The factor that kept home ownership so steady was the nature of mortgage lending. Borrowers had to have verifiable jobs, loans were limited to twice their income, and they had to produce substantial down payments. Those were prime mortgages.
To make loans to the new layer of homeowners, the credit standards had to be eased. Higher risk, subprime mortgages had been around, but weren't a big force until the mid-2000s. Below is a chart from a Fed paper showing the share of subprime mortgages, note how the rise in subprimes coincides with the surges in lending, prices and home ownership in the small graphs from yesterday's Part 2:
As we know, making lower quality loans did not work out. Or at least not when their numbers grew so fast. Here's what Fed Chairman Ben Bernanke said about credit quality in an address to the Federal Reserve Bank of Chicago's 43rd Annual Conference on Bank Structure and Competition, in May 2007. Things had started to turn, but it was still possible to make a positive case:
In general, mortgage credit quality has been very solid in recent years. However, that statement is no longer true of subprime mortgages with adjustable interest rates, which currently account for about two-thirds of subprime first-lien mortgages or about 9 percent of all first-lien mortgages outstanding. For these mortgages, the rate of serious delinquencies -- corresponding to mortgages in foreclosure or with payments ninety days or more overdue -- rose sharply during 2006 and recently stood at about 11 percent, about double the recent low seen in mid-2005. The rate of serious delinquencies has also risen somewhat among some types of near-prime mortgages, although the rate in that category remains much lower than the rate in the subprime market. The rise in delinquencies has begun to show through to foreclosures... Subprime mortgages accounted for more than half of the foreclosures started in the fourth quarter.
How will developments in the subprime market affect the evolution of the housing market? We know from data gathered under the Home Mortgage Disclosure Act that a significant share of new loans used to purchase homes in 2005 ... were nonprime (subprime or near-prime). In addition, the share of securitized mortgages that are subprime climbed in 2005 and in the first half of 2006. The rise in subprime mortgage lending likely boosted home sales somewhat, and curbs on this lending are expected to be a source of some restraint on home purchases and residential investment in coming quarters. Moreover, we are likely to see further increases in delinquencies and foreclosures this year and next as many adjustable-rate loans face interest-rate resets.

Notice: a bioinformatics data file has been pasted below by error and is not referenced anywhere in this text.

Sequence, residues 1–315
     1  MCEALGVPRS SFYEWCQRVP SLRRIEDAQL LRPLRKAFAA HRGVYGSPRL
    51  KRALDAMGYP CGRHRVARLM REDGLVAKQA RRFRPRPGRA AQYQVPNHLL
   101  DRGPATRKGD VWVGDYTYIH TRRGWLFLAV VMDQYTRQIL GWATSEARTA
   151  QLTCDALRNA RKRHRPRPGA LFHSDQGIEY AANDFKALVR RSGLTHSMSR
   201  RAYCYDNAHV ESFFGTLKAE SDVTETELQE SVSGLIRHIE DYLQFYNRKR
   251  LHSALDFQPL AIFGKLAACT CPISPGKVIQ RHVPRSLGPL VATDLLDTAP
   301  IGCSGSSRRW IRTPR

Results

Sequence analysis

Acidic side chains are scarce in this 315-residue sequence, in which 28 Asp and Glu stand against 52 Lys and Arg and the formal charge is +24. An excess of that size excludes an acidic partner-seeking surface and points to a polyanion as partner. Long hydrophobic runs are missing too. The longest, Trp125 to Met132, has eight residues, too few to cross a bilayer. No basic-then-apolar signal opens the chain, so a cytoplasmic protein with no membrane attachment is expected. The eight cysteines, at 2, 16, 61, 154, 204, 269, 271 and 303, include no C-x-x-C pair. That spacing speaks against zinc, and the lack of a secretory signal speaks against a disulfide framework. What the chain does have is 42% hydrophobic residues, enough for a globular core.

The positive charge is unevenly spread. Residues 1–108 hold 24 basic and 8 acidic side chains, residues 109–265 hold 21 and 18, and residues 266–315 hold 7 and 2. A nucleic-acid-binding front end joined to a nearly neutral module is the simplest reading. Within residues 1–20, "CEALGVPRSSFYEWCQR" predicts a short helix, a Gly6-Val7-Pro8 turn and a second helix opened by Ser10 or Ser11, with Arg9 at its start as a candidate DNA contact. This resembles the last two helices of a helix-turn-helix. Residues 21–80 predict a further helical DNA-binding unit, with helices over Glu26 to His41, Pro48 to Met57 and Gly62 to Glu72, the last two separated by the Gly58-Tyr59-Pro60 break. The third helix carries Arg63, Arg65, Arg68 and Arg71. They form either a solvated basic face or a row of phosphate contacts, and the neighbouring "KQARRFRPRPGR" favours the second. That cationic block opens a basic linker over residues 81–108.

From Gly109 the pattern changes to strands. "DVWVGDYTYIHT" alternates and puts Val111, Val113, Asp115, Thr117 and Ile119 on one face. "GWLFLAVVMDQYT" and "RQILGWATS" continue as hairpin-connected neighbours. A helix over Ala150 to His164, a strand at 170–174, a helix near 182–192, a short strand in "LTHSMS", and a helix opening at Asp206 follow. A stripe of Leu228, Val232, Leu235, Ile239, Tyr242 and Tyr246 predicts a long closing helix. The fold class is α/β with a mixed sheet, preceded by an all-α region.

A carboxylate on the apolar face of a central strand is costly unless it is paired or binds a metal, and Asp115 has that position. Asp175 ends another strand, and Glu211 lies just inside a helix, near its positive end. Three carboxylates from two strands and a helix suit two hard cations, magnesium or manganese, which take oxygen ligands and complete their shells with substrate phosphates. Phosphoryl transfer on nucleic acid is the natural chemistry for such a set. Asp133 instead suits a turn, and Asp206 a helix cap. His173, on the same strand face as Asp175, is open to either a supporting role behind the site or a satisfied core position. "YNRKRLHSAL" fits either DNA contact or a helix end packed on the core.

All that said, given the fundamental factors in place that should support the demand for housing, we believe the effect of the troubles in the subprime sector on the broader housing market will likely be limited, and we do not expect significant spillovers from the subprime market to the rest of the economy or to the financial system. The vast majority of mortgages, including even subprime mortgages, continue to perform well. Past gains in house prices have left most homeowners with significant amounts of home equity, and growth in jobs and incomes should help keep the financial obligations of most households manageable. (Emphasis added.)Well, the Chairman got the second part right -- curtailing lending slow things down in housing, but he missed on the prediction of a soft landing.
More to the point, his comments provided a ready-made thesis for investors wanting to play the subprime market. Depending on whether your glass was half-full or half-empty, investing in subprime mortgages would either be a sound investment with higher yields in a growing economy, or a way to take advantage of the cyclical drop, amplified by the subprime excesses, sure to come in U.S. housing.
Stay tuned for Part 4 where I will finally get to what's up with Goldman and the fraud charges.